On an oscillation Theorem involving the Chebyshev function and the zeros of the Riemann zeta function

Define $$\theta(x)=\sum_{p\leq x} \log p$$, where $$p>1$$ denotes a prime. Nicolas proved that if the Riemann zeta function $$\zeta(s)$$ vanishes for some $$s$$ with $$\Re(s)\leq 1/2 + b$$, where $$b\in(0, 1/2)$$, then

$$\log\Big(e^{\gamma}(\log \theta(x))\prod_{p\leq x} (1-p^{-1})\Big)=\Omega_{\pm }(x^{-b}).$$

Is the reverse necessarily true ? It appears so to me, since

$$\theta(x)=x +O(\sqrt{x})-\sum_{\rho} \frac{x^{\rho}}{\rho},$$

where the sum is over the complex zeros of $$\zeta$$ and $$\prod_{p\leq x} (1-p^{-1})\sim e^{-\gamma}(\log x)^{-1} ?$$

• Do you have a reference? – András Bátkai Mar 10 at 18:41
• @AndrásBátkai Nicolas puts most of his stuff on his site. math.univ-lyon1.fr/~nicolas and publications at math.univ-lyon1.fr/~nicolas/publications.html – Will Jagy Mar 10 at 22:31
• @WillJagy: thanks, I also found this. I meant a bit more precise reference for the result recalled above. – András Bátkai Mar 11 at 8:07
• @AndrásBátkai, I see what you mean. Maybe the OP will loh at th Nicolas page and indicate which publication is relevant – Will Jagy Mar 11 at 17:06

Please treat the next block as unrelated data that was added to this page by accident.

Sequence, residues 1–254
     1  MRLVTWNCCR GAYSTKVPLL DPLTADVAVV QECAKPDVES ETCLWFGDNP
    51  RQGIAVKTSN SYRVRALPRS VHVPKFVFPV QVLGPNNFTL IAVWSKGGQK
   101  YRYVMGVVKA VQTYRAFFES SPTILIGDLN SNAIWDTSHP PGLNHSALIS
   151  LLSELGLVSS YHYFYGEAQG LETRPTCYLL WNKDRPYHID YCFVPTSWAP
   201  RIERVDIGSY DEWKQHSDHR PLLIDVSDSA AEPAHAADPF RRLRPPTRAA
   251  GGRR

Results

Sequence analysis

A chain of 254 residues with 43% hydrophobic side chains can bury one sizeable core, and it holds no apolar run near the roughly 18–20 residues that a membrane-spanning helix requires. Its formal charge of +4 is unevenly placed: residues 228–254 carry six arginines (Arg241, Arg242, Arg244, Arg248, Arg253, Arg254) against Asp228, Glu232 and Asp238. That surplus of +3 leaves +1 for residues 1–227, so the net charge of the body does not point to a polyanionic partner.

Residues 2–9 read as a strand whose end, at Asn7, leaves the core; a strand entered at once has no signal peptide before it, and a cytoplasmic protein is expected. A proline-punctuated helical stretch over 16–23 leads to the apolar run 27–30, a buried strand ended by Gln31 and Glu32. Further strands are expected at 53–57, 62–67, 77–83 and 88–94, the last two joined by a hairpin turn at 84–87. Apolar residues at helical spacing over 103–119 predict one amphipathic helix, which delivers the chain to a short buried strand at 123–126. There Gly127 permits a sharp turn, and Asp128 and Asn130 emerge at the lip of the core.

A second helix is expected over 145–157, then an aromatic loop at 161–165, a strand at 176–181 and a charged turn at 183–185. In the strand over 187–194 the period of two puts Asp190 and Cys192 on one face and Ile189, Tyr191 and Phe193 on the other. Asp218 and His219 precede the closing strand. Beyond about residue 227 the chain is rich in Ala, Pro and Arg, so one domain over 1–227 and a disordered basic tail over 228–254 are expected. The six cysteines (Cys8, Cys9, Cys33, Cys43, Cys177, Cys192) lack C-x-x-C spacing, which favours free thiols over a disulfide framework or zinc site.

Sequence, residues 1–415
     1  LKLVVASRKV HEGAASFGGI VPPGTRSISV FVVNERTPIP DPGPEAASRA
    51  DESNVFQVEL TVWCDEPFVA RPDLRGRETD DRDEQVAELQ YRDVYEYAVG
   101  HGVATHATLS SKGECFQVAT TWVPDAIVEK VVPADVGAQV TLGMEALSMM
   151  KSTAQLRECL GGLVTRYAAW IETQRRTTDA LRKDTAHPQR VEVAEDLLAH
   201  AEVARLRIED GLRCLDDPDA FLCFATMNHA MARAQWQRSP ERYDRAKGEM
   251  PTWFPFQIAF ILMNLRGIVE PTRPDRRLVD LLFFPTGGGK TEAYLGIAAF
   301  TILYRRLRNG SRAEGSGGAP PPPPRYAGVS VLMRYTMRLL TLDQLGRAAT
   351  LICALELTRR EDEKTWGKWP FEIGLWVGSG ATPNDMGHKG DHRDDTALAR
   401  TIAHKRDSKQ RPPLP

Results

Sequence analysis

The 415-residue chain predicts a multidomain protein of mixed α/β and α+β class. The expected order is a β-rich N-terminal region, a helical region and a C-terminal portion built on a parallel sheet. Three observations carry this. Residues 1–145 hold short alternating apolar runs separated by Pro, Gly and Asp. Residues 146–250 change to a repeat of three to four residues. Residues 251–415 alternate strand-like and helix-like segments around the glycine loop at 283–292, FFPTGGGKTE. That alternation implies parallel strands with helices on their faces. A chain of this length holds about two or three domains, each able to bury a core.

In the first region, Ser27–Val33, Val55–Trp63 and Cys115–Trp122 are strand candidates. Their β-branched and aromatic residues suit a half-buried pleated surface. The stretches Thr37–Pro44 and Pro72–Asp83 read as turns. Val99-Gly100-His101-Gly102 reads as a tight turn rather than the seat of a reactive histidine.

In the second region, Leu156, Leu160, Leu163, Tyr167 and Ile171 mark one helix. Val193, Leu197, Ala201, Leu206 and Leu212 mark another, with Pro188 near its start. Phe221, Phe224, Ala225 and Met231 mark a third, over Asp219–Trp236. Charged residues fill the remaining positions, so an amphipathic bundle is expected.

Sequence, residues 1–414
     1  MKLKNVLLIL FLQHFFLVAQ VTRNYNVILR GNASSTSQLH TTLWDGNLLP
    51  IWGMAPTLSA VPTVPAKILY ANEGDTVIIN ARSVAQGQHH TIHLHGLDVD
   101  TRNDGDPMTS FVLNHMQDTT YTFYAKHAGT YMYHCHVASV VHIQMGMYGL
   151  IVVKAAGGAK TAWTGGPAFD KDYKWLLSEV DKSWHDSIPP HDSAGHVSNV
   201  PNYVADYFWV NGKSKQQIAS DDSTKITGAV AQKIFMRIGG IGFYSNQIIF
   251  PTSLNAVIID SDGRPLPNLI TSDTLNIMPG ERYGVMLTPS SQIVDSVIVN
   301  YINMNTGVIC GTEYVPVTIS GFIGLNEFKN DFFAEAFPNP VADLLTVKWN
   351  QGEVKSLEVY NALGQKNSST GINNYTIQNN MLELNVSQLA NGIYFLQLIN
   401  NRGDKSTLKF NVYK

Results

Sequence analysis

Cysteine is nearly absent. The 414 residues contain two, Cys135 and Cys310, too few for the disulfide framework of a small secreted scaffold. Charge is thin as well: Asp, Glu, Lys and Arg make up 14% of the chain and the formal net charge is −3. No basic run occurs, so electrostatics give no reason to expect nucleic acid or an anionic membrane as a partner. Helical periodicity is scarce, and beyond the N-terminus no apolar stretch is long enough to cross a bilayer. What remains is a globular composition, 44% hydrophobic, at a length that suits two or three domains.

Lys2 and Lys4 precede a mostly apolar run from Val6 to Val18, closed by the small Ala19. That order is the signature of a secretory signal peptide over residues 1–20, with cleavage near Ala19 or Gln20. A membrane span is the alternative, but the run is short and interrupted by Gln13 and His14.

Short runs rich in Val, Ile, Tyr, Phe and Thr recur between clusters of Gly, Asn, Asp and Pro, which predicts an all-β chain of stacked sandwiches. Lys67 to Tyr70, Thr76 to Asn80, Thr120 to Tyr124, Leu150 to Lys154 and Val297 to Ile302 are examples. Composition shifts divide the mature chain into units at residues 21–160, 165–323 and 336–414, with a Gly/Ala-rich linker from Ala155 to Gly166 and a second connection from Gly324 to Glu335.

• The explicit formula doesn't help a lot because it doesn't converge absolutely. Under the RH $\theta(x) = x+O(\sqrt{x} \log^2x)$ you can't improve it much. It is easy to show if $\theta(x)-x = o(x^{\sigma})$ then $\zeta(s)$ has no zeros for $\Re(s) \ge \sigma$, the converse is much harder – reuns Mar 11 at 21:08

The result Nicolas proved (Theorem 3, Jean-Louis Nicolas. Petites valeurs de la fonction d'Euler, J. Number Theory, 17, 1983, 375--388, paper linked HERE) is actually not quite what is claimed in this post, but:

$$\log\Big(e^{\gamma}(\log \theta(x))\prod_{p\leq x} (1-p^{-1})\Big)=\Omega_{\pm }(x^{b-\frac{1}{2}-\epsilon})$$, for all $$\epsilon > 0$$, where $$0< b < \frac{1}{2}$$ is such that RZ has a zero with real part $$\frac{1}{2} + b$$, so it is in the classical spirit as the worse RH fails (the higher the supremum of the real part of the critical zeros), the stronger the claimed $$\Omega$$.

The estimate claimed in the post above is wrong (obviously because it is stronger for a weaker claim, not to speak that since RZ always vanishes on the critical line the claim of the post would imply the estimate to be true for $$b$$ going to zero and that contradicts the later claim when RZ is true). Using the zeros symmetry around the critical line, one can rephrase the $$\Omega$$ result to:

$$\log\Big(e^{\gamma}(\log \theta(x))\prod_{p\leq x} (1-p^{-1})\Big)=\Omega_{\pm }(x^{-\beta-\epsilon})$$, for all $$\epsilon > 0$$, where $$0< \beta < \frac{1}{2}$$ is such that RZ has a zero with real part $$\beta$$

He also proved that if RH is true $$\log\Big(e^{\gamma}(\log \theta(x))\prod_{p\leq x} (1-p^{-1})\Big)x^{\frac{1}{2}}\log x$$ is always negative for $$x>2$$, has inferior limit $$\log{4\pi}-4-\gamma$$ and superior limit less or equal to $$\gamma - \log{4\pi}$$ which are both close to $$-2$$, so obviously any $$\Omega$$ result as above with a power $$x^{-\beta}, 0 < \beta < \frac{1}{2}$$ dispproves RH, with the lower the $$\beta$$ the worse RH fails, while any $$O$$ result gives bounds on the supremum of the real parts of critical zeros, with the higher the $$\beta$$ the better the bounds